The first Earth Day was held in 1970 with the rise of the environmental movement. As the Industrial Revolution quickly began taking its toll on the planet, humans began noticing some tangible changes in the way things looked, tasted, and smelled in the world…and it was not good. Though these changes smelled like prosperity to some, others knew it was a warning sign that the Earth was…is…dying, and that death was being accelerated by humans.

In those early days, pollution was the main focus of most Earth Day activities. And while that is still true today to some extent, we’ve now recognized global warming as the true danger to life on, and the life of, this planet.

In the opening lines of Genesis we find the Divine carefully crafting the earth, separating this from that, throwing birds in the air and playing ultimate “catch and release” with the fishes of the sea. The plants are coaxed from their ground, and humans are shaped out of the black soil. This poetic vision of the creation was not meant to be science…it was art. The art of the Divine being infused in every good thing that inhabits this planet.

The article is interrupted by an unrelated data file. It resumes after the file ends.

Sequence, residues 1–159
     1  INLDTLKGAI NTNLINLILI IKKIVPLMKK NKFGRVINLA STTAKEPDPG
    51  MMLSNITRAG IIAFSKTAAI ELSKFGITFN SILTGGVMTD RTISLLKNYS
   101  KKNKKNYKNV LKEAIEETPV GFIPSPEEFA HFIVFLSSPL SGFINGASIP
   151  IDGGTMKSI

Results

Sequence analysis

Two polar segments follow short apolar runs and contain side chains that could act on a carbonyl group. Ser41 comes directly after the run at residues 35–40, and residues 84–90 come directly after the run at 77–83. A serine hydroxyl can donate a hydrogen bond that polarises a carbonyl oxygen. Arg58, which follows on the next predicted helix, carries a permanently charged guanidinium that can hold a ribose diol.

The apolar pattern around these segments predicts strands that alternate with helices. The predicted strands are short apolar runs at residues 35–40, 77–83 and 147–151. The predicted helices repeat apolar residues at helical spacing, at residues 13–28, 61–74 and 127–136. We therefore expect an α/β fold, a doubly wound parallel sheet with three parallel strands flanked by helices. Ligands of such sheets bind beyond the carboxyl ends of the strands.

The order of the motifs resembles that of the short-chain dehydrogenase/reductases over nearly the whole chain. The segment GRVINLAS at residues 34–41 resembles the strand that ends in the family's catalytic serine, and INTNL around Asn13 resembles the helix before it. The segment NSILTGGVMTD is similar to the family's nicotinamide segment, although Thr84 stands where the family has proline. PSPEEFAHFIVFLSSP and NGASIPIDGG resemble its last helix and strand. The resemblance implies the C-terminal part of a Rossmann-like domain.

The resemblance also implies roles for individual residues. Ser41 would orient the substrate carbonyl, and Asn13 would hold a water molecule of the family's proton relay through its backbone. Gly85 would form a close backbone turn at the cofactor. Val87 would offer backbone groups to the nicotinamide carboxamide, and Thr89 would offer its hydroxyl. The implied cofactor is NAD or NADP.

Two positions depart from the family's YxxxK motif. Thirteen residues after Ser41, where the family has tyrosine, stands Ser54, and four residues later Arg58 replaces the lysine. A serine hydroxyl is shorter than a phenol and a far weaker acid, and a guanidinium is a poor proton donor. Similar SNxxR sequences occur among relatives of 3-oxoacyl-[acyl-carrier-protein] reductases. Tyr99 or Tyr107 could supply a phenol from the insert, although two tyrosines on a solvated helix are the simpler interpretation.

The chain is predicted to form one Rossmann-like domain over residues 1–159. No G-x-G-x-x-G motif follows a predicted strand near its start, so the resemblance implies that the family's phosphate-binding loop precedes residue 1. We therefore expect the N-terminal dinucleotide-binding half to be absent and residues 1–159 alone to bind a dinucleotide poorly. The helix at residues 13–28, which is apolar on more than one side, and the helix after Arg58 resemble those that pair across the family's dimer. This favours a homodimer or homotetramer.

And then, as the Creator rested, they charged humanity with tending all that had been made.

Earth Day is a reminder for me, and for the church, that this planet was not given to humans, but rather entrusted to them. In our efforts to thrive we’ve stumbled and sacrificed the lives of so many of our fellow creatures…remember: we’re all creation. And while we may not be able to stop global warming, we can slow it and shape it a bit.

Indeed: we are called to do that.

-icon “Cosmic Christ” written by Alex Grey

Erstwhile Bishop

Today the church remembers the embattled Bishop: St. Anselm, Scholar, Erstwhile Bishop of Canterbury, and Preeminent Theologian.

Born in northwestern Italy, Anselm’s childhood was privileged in many ways. His parents were wealthy nobles and, after the death of his mother and an argument with his father, St. Anselm left home at the age of twenty-three to explore the world and further his education.